Saturday, February 9, 2008


By John C. K. Daly

Eurasia Daily Monitor, DC
Feb 6 2008

The tragic events in eastern Anatolia in 1915 continue to roil not
only Turkish-Armenian relations, but the international community and
Turkish-American relations as well.

For more than 25 years, Yerevan and the Armenian diaspora have lobbied
to have the events in the wartime Ottoman Empire labeled as the 20th
century's first case of genocide, a definition that successive Turkish
governments have furiously lobbied against. Now the issue seems set to
appear before The Hague's International Court of Justice and Permanent
Court of Arbitration.

At issue is the February 2001 genocide resolution adopted by France,
which concisely states: "France publicly recognizes the Armenian
genocide of 1915." It was a largely symbolic act, since it did not
allow for the prosecution of those who deny that the 1915 massacre was
genocide. At the time Ankara was furious, but despite the dispute,
trade between France and Turkey grew 22% in 2002 and by 2006 had
increased 131% (Wall Street Journal, March 12, 2007).

The issue has never really gone away, however. Last week veteran
Turkish diplomat Sukru Elekdag, from the opposition Republican
People's Party (CHP), brought up the issue following talks at the
French parliament, where he was part of a Turkish Grand National
Assembly delegation. Elekdag suggested that France should reconsider
its legislation under the terms of the 1948 UN Convention on the
Prevention and Punishment of the Crime of Genocide. "We can go to
the Internal Court of Justice with France and ask whether the law
adopted in France in 2001 is in compliance with the agreement in 1948
and whether the 1915 incidents constitute genocide."

Speaking to Today's Zaman, Elekdag expanded on his observations,
saying, "What would the authorized court rule if we assume that the
UN Convention could be implemented retrospectively? ... It is obvious
that the court will rule that the French parliament is not authorized
to make such a decision, and it will also have to announce that the UN
Convention cannot be implemented retrospectively due to the principle
of legality. This means that the 1915 incidents cannot be described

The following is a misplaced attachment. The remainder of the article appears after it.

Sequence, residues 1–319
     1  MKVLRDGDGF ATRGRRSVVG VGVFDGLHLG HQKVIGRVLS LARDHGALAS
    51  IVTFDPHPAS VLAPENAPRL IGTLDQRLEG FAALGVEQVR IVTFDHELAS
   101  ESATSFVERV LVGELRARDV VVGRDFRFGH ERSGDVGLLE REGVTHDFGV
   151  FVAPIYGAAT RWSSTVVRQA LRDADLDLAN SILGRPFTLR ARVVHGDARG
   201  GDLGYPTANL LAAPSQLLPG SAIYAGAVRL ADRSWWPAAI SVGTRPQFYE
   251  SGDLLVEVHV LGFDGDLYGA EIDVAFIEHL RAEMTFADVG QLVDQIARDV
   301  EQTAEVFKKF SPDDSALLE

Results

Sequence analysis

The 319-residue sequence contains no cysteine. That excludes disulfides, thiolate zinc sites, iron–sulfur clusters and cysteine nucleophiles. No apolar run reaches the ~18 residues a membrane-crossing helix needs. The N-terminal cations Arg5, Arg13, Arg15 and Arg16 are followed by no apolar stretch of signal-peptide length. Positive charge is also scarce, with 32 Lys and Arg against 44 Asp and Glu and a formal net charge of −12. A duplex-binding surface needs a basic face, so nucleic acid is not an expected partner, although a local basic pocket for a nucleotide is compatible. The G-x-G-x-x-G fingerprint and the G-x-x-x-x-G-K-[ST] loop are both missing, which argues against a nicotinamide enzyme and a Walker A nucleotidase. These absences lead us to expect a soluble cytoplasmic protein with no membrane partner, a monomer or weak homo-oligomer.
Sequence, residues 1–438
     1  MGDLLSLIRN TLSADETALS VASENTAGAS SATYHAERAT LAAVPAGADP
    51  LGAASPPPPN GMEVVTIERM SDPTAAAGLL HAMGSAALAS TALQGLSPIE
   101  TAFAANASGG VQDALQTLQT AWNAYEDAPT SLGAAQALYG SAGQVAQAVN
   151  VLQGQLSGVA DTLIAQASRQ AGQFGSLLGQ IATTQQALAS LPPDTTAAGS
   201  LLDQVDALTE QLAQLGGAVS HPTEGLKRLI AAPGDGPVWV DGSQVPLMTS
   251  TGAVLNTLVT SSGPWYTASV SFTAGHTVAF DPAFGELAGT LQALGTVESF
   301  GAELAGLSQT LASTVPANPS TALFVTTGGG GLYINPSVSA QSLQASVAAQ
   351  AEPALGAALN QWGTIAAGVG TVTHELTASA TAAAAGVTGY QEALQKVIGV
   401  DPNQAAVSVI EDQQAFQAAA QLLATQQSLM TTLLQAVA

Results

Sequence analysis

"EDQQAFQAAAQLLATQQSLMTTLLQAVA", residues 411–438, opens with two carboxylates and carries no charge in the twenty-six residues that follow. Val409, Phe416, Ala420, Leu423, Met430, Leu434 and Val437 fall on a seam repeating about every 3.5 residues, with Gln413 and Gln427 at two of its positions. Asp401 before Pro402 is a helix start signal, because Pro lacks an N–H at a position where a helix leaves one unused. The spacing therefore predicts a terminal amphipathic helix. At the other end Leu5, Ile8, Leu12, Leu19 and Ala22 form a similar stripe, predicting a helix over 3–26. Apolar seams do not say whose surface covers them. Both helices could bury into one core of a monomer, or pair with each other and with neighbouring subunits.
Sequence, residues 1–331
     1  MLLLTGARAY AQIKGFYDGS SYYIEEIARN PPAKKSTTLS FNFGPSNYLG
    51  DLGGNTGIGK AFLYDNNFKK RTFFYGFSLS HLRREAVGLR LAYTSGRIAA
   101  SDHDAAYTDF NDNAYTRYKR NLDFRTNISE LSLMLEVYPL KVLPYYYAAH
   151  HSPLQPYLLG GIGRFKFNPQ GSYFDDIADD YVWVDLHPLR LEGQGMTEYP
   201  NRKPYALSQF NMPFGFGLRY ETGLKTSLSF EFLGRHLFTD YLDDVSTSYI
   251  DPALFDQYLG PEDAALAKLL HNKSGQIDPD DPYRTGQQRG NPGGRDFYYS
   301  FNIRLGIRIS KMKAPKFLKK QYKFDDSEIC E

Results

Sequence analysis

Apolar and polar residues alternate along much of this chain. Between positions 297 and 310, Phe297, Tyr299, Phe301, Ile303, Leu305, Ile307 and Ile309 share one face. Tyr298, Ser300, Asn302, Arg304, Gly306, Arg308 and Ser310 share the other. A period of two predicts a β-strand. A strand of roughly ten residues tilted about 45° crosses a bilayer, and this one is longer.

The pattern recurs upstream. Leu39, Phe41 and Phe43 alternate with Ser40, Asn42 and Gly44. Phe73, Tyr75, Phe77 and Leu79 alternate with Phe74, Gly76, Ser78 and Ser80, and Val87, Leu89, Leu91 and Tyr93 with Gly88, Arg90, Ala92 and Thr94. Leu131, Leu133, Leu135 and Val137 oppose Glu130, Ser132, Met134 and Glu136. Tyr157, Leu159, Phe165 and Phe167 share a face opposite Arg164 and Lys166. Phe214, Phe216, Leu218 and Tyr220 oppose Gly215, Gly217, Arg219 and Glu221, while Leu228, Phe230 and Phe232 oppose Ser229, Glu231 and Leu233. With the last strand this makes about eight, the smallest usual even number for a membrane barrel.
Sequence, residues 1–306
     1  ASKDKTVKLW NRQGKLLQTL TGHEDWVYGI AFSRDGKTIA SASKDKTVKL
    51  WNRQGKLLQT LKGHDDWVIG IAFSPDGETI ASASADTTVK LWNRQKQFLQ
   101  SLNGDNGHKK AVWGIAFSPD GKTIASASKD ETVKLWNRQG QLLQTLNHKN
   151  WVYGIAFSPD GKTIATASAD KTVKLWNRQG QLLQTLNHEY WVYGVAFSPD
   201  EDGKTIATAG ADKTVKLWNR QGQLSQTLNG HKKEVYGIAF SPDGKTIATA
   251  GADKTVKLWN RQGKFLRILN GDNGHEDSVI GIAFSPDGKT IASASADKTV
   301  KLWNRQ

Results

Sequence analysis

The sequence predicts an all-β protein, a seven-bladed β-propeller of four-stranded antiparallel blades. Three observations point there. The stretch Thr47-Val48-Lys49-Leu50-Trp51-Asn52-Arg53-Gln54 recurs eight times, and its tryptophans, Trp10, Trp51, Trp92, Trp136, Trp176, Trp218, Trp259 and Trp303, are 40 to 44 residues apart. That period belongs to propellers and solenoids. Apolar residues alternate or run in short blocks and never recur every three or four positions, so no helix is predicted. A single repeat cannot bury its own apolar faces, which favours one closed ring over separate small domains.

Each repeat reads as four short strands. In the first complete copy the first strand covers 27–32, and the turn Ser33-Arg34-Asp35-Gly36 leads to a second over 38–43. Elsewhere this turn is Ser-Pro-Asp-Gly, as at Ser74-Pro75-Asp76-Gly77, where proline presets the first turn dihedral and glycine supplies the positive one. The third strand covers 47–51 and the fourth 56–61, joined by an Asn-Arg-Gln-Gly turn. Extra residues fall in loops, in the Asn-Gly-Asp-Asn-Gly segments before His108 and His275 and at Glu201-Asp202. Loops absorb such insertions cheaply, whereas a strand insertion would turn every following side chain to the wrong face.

as genocide. If the ICJ makes such a ruling, then Armenia's genocide
allegation will entirely collapse" (Today's Zaman, February 5).

Elekdag, a former foreign ministry undersecretary and former ambassador
to the United States, has a history of opposing international efforts
to label the events of 1915 as genocide.

Speaking at the "Turkish-Armenian Relations and 1915 Incidents"
symposium at Ankara's Gazi University in 2005, he declared, "The
Armenian diaspora's accusing Turkey of genocide is a legal crime"
(Anatolian Times, November 25, 2005).

Having attempted to battle the decision in the media, the Turkish
government is now set to take its case to The Hague. Ankara will
argue that since France's genocide resolution was not based on any
French court decision, then the French National Assembly's decision
should be based on a prior ruling by an international court. Elekdag
told Hurriyet, "There is no international court ruling on the
Armenian so-called genocide allegations. Is the French parliament a
court? France is thus in the position of having disregarded the 1948
UN Convention" (Hurriyet, February 4).

Turkey will propose that Ankara and Yerevan each select three judges,
who in turn will select a chairman. The panel will review Turkish
archival material as well as the Dashnak (Armenian Revolutionary
Federation) Party archives in Boston, Armenian Patriarchate archives,
and those of foreign missions in the Ottoman Empire at the time
to determine the validity of their documents. The survey will be
followed by an extensive forensic survey of possible contributory
factors such as demographics and disease, ending with testimony from
relevant parties.

Even if Turkey succeeds in its Hague appeal the issue is hardly likely
to go away for Ankara, as many EU politicians insist that Turkey must
recognize the Armenian genocide before it can join the European Union.

The issue has also crossed the Atlantic. On January 30, 2007,
U.S. Congressmen Adam Schiff (D-CA), George Radanovich (R-CA), and the
co-chairs of the Congressional Armenian Caucus, Frank Pallone (D-NJ)
and Joe Knollenberg (R-MI) introduced a resolution to recognize the
Armenian genocide, which was only tabled in October after furious
lobbying by the Bush administration (see EDM January 23, October
12, 17, 2007). Undeterred, Congressional critics in the House of
Representatives recently introduced a new resolution condemning the
January 19, 2007, murder of ethnic Armenian journalist Hrant Dink
(, February 5). Furthermore, Democratic presidential
candidates Barak Obama and Hillary Clinton have both stated that,
if elected, they will recognize the Armenian genocide.

The imbroglio seems to be a classic case of political posturing versus
historical reality, and the only certainty is that the issue seems
unlikely to be resolved anytime soon.

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